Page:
3d scanning techniques


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3d scanning techniques

  1. 1. 1 Introduction to 3D digitization technologies Roberto Scopigno Visual Computing Lab. CNR-ISTI Pisa, Italy R. Scopigno, 3D Digitization - HW 1 Overview o  Digitization for visual presentation: 3D vs. enhanced 2D media o  3D digitization technologies
  2. 2. 2 2 Acquiring Visually Rich 3D Models Goal: Build accurate digital models to clone the reality (shape + surface reflection properties) Acquisition methodologies: n  Image-based Rendering o  Panoramic images (2D) o  RTI images (2D) n  Standard CAD modeling (manual process) n  Approaches based on Sampling o  3D scanning (active) o  3D from images (passive) 3 Modelling vs. Sampling o  Modelling n  Manual process [“redraw”] n  Accuracy is unknown n  3D model is usually complete o  Sampling/scanning n  Semi-automatic process [“photography”] n  Accuracy is known n  3D model is usually uncomplete (many unsampled regions) R. Scopigno, 3D Digitization - HW
  3. 3. 3 R. Scopigno, 3D Digitization - HW 4 3D scanning devices Many different technologies, just two examples: o  Laser or structured light, Triangulation n  Small/medium scale artifacts (statues) n  Small/medium workspace 20x20 -> 100x100 cm, distance from artifact ~1 m n  High accuracy (>0.05 mm) n  High sampling density (0.2 mm) n  Fast (1 shot in ~1-2 sec) o  Laser, Time of flight n  Large scale (architectures) n  Wide workspace (many meters) n  Medium accuracy (~4-10 mm) n  Medium sampling density (10 mm) n  Slow (1 shot in ~20 min) R. Scopigno, 3D Digitization - HW 5 Active Optical Technologies o  Using light is much faster than using a physical probe o  Allows also scanning of soft or fragile objects which would be threatened by probing o  Three types of optical sensing: n  Point, similar to a physical probe o slow approach, lots of physical movement by the sensor. n  Stripe o  faster: a band of many points passes over the object at once n Other patterns …
  4. 4. 4 R. Scopigno, 3D Digitization - HW 6 Stripe-based scanning R. Scopigno, 3D Digitization - HW 7 Optical Technologies - Triangulation How do we compute the 3D coordinates of each sampled point? o  By triangulation, known: n  emitting point of the light source + direction (illuminant or emitter) n  the focus point of the acquisition camera (sensor) n  the center of the imaged reflection on the acquisition sensor plane ( P(a) ) Triangulation is an old, simple approach (Thales-Talete) Issues: precision and price of the system
  5. 5. 5 R. Scopigno, 3D Digitization - HW 8 Output: range map R. Scopigno, 3D Digitization - HW 9 Triangulation-based systems An inherent limitation of the triangulation approach: non-visible regions o  Some surface regions can be visible to the emitter and not-visible to the receiver, and vice-versa o  In all these regions we miss sampled points è integration of multiple scans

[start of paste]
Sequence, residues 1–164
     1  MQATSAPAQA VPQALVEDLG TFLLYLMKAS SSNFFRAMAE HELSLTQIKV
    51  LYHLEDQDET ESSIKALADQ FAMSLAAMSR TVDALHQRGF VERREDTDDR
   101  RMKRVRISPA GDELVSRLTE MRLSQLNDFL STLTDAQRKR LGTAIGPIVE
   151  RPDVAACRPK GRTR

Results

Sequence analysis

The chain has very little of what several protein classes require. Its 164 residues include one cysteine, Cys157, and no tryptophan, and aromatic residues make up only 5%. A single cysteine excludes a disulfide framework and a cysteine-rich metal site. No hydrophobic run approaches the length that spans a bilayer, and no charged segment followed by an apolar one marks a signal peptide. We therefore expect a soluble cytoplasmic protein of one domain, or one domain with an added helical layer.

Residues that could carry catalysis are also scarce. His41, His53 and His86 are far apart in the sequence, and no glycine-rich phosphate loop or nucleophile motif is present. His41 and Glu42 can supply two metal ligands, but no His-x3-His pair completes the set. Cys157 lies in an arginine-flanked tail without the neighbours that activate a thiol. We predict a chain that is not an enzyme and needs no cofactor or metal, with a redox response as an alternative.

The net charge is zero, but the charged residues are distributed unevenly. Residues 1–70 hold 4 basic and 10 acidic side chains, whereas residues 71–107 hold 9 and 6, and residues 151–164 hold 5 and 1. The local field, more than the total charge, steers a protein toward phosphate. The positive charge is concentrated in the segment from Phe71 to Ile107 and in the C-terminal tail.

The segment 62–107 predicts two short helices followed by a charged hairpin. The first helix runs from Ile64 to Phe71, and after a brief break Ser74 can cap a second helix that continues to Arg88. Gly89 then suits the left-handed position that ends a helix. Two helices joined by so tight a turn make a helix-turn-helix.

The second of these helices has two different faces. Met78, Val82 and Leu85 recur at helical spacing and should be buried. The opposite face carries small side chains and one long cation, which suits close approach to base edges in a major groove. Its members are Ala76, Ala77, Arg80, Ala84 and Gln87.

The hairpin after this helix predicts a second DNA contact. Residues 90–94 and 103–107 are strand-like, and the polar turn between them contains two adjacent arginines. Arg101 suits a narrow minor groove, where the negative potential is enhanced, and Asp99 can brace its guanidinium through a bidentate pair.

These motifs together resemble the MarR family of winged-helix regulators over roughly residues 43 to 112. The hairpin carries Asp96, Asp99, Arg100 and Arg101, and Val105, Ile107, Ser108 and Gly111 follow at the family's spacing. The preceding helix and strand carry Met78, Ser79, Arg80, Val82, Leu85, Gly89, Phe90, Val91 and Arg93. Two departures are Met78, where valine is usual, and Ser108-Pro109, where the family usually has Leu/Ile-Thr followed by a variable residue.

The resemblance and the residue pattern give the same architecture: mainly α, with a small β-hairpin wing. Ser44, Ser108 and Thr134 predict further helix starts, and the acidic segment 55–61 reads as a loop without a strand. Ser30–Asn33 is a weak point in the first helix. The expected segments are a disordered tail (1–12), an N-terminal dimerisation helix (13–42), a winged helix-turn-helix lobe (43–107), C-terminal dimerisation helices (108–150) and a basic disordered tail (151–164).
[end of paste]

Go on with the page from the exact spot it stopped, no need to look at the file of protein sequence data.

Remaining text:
6. 6. 6 R. Scopigno, 3D Digitization - HW 10 Scanning example R. Scopigno, 3D Digitization - HW 11 Acquisition accuracy o  Depends on sweeping approach … o  … on surface curvature w.r.t. light direction … o  Laser syst.: the reflected intensity can be used as an estimate of the accuracy of the measure
  7. 7. 7 R. Scopigno, 3D Digitization - HW 12 Acquisition accuracy o  … on the surface shape nearby the sampled point o  … and on surface reflectance [see Curless Levoy “…Space Time Analysis”, ’95] R. Scopigno, 3D Digitization - HW 13 Optical Tech. – Time of Flight Measure the time a light impulse needs to travel from the emitter to the target point (and back) n  Source: emits a light pulse and starts a nanosecond watch n  Sensor: detects the reflected light, stops the watch (roundtrip time) n  Distance = ½ time * lightspeed [e.g. 6.67 ns è 1 m ] o  Advantages: no triangulation, source and receiver can be on the same axis è smaller footprint (wide distance measures), no shadow effects [Image by R. Lange et al, SPIE v.3823]
  8. 8. 8 R. Scopigno, 3D Digitization - HW 14 Optical– Time of Flight o  Optical signal: n  Pulsed light: easier to be detected, more complex to be generated at high frequency (short pulses, fast rise and fall times) n  Modulated light (sine waves, intensity): phase difference between sent and received signal è distance (modulo wavelenght) n  A combination of the previous (pulsed sine) o  Scanning: n  single spot measure n  range map, by rotating mirrors or motorized 2 DOF head [Image by Brian Curless, Sig2000 CourseNotes] R. Scopigno, 3D Digitization - HW 15 3D scanning – raw output data For the user, same type of output data : n  Range map: 2D map of sampled 3D points (640x480 -> 2M - 5M points) n  Can be managed as a point cloud or a triangulated surface chunk
  9. 9. 9 R. Scopigno, 3D Digitization - HW 16 Why processing raw scanned data? The acquisition of a single shot (range map) is only a single step in the 3D scanning process, since it returns a partial & incomplete representation dal parziale al totale We need algorithms and software tools for transforming redundandt sampled data into a complete and optimal 3D model  3D Scanning Pipeline R. Scopigno, 3D Digitization - HW 17
  10. 10. 10 Note: New approaches appeared that use many redundant & overlapping images to produce results similar to those produced with active scanning devices è 3D from images (passive methods) R. Scopigno, 3D Digitization - HW 18 R. Scopigno, 3D Digitization - HW 19 Questions? o  Contact: Visual Computing Lab. of ISTI - CNR http://vcg.isti.cnr.it r.scopigno@isti.cnr.it